The “war on terror” ended with that hasty, unceremonious US withdrawal capped by a troubled evacuation of vulnerable Afghans, and Afghanistan is on the brink of socioeconomic collapse.
The international community is trying to galvanize aid without engaging directly with the Taliban, lifting sanctions, or unfreezing assets. Unfortunately, channeling aid to Afghanistan risks underwriting the Taliban’s legitimacy, which will threaten progress on human rights and the creation of the inclusive government in Kabul that the world wants to see. On the other hand, failure to deliver assistance to millions of Afghans risks a mass exodus of refugees, creating fertile ground for violent extremism and dooming Afghanistan to more decades of instability.
More than 90 percent of Afghan households are food insecure, and aid agencies project that most children under the age of 5 are at risk of acute malnourishment. Additionally, while levels of violence have dramatically decreased since the Taliban seized the capital in mid-August, nearly 4 million Afghans remain internally displaced. Most have little prospect of returning to try to scrape a living among the debris of their destroyed homes and failed crops, against the backdrop of fresh waves of violence as ethnic groups and tribes carve new niches in the shifted balance of power.
The sheer scale of Afghanistan’s humanitarian needs cannot be overstated, especially as the approaching winter will shrink the window for international. Before the Taliban’s takeover of Kabul, three quarters of Afghan public finances came from foreign donors, a lifeline that has now been cut. The lack of civil sector pay compounds the crises caused by the abrupt collapse of Afghanistan’s defense and security forces, who were major employers and vital sources of income for many rural households.
The US Federal Reserve is unlikely to release about $9.4 billion in Afghan foreign reserves, which it manages. Washington has gone farther, demanding that the International Monetary Fund retract a long-planned release of funds when the Taliban began their takeover of Afghan provinces. Any decision to inject liquidity into Afghanistan would have grave ramifications for US national security, politics in Washington, and geopolitics in Central Asia. Releasing frozen assets and making generous financial assistance available without strict conditions risks giving tacit recognition to the Taliban as a diplomatic “equal.” That would be difficult to reconcile with the sanctions on the Taliban to prevent its recognition as a legitimate, political entity entrusted with governing and representing the interests of Afghans on the international stage.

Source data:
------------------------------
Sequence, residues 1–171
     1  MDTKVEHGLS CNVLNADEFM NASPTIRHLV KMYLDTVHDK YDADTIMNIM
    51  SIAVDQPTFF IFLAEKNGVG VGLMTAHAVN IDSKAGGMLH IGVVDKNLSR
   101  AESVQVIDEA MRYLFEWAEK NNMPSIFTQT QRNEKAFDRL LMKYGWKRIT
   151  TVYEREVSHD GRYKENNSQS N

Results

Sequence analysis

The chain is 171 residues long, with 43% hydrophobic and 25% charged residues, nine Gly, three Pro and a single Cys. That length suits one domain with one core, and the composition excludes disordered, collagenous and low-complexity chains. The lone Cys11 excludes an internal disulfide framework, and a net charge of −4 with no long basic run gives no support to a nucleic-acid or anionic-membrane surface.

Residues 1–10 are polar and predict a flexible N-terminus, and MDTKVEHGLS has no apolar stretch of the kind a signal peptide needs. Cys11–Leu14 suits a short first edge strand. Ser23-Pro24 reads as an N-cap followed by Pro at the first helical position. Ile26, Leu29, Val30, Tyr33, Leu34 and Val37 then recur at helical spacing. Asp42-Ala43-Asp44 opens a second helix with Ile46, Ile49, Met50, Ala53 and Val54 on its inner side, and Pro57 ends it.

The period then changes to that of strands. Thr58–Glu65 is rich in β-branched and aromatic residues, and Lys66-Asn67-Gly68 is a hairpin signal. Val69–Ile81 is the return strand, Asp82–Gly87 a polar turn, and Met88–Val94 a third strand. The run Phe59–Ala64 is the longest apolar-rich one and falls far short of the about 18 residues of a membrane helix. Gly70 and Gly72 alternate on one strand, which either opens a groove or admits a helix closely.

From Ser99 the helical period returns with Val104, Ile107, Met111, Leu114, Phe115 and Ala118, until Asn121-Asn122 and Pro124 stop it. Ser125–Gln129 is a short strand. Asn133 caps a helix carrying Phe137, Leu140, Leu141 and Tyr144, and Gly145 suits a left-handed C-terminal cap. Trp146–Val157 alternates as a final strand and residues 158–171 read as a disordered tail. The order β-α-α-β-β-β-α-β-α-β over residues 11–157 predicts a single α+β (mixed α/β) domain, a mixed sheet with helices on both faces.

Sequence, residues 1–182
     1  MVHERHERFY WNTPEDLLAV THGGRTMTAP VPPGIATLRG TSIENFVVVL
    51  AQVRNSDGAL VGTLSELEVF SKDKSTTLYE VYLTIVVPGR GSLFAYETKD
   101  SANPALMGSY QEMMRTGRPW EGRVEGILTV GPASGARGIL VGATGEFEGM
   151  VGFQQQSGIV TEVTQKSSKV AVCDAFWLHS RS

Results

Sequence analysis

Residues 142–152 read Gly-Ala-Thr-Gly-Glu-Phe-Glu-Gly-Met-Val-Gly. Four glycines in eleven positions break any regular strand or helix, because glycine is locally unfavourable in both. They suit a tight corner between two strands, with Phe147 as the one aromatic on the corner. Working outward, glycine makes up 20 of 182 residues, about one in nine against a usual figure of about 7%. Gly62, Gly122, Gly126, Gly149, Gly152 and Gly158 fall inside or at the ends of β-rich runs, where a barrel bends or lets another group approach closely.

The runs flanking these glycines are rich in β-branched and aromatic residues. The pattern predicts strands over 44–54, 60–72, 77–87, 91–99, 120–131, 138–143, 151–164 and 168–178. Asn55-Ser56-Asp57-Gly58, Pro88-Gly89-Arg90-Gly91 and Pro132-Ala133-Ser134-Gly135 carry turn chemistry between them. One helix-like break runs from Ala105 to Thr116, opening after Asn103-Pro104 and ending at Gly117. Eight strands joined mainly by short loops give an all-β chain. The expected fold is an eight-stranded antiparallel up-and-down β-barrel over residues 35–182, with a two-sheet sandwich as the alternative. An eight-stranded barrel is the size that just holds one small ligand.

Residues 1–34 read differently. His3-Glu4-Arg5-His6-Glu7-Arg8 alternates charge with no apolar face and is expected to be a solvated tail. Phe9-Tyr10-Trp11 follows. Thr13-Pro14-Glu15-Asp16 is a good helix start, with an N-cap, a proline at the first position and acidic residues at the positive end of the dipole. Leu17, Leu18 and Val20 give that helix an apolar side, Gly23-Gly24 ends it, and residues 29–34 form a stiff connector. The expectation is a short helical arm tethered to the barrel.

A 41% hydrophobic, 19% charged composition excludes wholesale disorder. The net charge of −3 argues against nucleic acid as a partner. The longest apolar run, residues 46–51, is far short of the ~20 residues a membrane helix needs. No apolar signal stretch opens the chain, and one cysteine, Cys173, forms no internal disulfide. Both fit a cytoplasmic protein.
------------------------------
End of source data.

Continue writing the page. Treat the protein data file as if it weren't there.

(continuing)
There is also uncertainty about who has rightful access to those funds — the Taliban-led government in Kabul, or former Vice President Amrullah Saleh’s government in exile. Nonetheless, given the ubiquity of the US dollar in international finance, US sanctions on the Taliban extend in practice to all of Afghanistan, and the Biden administration has not indicated what it plans to do to resolve this issue. As a result, while the international community can and must fully address Afghanistan’s humanitarian needs, the lack of liquidity means economic collapse is inevitable.
Time has now run out for the international community to revise its conditions or for the Taliban to meet them, leaving a dangerous stalemate.
Keen to prevent this in case rising poverty and unemployment imperil their control of Afghanistan, the Taliban have tried to implement changes demanded by the international community. In return, they seek sanctions removal, formal recognition, normalized relations, and unconditional aid. These are non-starters for an international community still waiting for credible progress on human rights, particularly for women and minorities.
The Taliban is also required to establish an inclusive government, cut off ties to terrorist groups, and enable free access for humanitarian operations. They have balked at some of these demands, partly because they are infeasible, but also because they could affect the group’s cohesion or other domestic considerations that take precedence over the concerns of far-off powers. To them, some demands are impossible to meet as they would weaken the group’s control over the government and empower the anti-Taliban opposition. Time has now run out for the international community to revise its conditions or for the Taliban to meet them, leaving a dangerous stalemate.
The Taliban know that Afghanistan’s neighbors, the wider region, and the EU all want to avoid a flood of refugees, given the experiences of the migrant crisis six years ago. Pakistan in particular is dealing with its own domestic woes, not helped by COVID-19, fiscal deficits and the need to abide by the strict IMF demands for the resumption of a $6 billion line of credit.
This is partly why the EU has pledged a revamped humanitarian aid package worth about €1 billion targeting COVID-19 vaccinations, protection of human rights, and direct support for civilians. But aid can be effective only if the global community prevents the collapse of Afghanistan’s payments system, critical to the delivery of humanitarian assistance. Any other solutions are only piecemeal, offering temporary relief while other risks grow, complicating the prospect of enduring stability in Afghanistan.
- Hafed Al-Ghwell